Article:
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Chile Votes for Change

Author: Shannon K. O'Neil, Nelson and David Rockefeller Senior Fellow for Latin America Studies and Director of the Civil Society, Markets, and Democracy Program
January 18, 2010
Forbes Online


Despite the calm, Chile's presidential election Sunday was one of the transformative political moments in Latin America in recent years. This transformation did not entail street demonstrations, a new constitution or the introduction of 21st-century socialism--yet it was no less radical. Chile has transitioned toward a more pluralistic democracy and away from two decades of electoral dominance by the Concertación--a coalition of mostly Socialists, Radicals and Christian Democrats forged in opposition to the Pinochet military government (1973-1989).

Right-leaning Alianza candidate Sebastián Piñera won the first-round December vote, outpacing Concertación candidate Eduardo Frei by nearly 15 percentage points. Sunday, by a closer margin, Piñera pulled another victory, making him the first elected conservative Chilean leader in several decades.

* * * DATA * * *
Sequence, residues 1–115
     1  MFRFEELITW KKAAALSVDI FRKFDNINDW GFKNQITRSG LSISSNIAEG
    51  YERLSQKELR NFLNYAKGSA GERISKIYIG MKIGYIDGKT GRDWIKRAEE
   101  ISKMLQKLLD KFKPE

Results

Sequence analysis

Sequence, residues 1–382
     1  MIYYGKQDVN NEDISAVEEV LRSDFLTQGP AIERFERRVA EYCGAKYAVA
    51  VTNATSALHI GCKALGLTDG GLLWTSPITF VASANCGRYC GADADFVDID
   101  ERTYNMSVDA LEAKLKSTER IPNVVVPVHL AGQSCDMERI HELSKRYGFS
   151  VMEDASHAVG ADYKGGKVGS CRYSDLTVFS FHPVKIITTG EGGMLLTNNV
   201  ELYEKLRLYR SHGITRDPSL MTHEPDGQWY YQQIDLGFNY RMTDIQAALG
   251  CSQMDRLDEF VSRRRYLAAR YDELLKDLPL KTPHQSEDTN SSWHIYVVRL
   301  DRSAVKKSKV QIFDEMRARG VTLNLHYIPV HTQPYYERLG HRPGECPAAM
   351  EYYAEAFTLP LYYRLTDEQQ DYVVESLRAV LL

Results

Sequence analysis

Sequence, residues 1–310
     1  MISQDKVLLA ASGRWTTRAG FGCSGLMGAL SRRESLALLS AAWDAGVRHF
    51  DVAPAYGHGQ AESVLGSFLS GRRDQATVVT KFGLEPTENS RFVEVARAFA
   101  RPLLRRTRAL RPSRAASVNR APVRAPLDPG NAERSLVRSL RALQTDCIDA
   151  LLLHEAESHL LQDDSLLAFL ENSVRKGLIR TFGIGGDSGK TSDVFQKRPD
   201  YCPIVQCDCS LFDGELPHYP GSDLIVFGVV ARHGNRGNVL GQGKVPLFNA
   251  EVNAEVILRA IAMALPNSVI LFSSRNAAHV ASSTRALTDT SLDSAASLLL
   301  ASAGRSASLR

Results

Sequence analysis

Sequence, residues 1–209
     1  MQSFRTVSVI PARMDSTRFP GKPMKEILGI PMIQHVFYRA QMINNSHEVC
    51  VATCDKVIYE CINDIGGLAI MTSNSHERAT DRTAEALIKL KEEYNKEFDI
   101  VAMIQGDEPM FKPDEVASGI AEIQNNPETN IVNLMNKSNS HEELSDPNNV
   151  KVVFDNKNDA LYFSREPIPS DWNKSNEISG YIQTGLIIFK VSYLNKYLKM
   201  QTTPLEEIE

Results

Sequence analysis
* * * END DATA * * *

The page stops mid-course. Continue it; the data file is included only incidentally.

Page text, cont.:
This was not an election driven by issues or ideology: Both candidates promised to continue Chile's market-friendly macroeconomic policies and its popular social welfare programs. Instead it was driven by personal stories. Piñera presented himself as an entrepreneur who would foster greater innovation and competitiveness; Frei as a wise, experienced former president (he led the country from 1994 to 2000).

Piñera's victory suggests a new era for Chile's politics. It signifies that the right has finally emerged from the shadow of Pinochet's military dictatorship to become a viable electoral alternative once more, able to lead an open and dynamic country without a fear of backsliding into the past. It is the end of the pro/anti Pinochet political divide--the guiding cleavage of Chile's politics since the 1970s.

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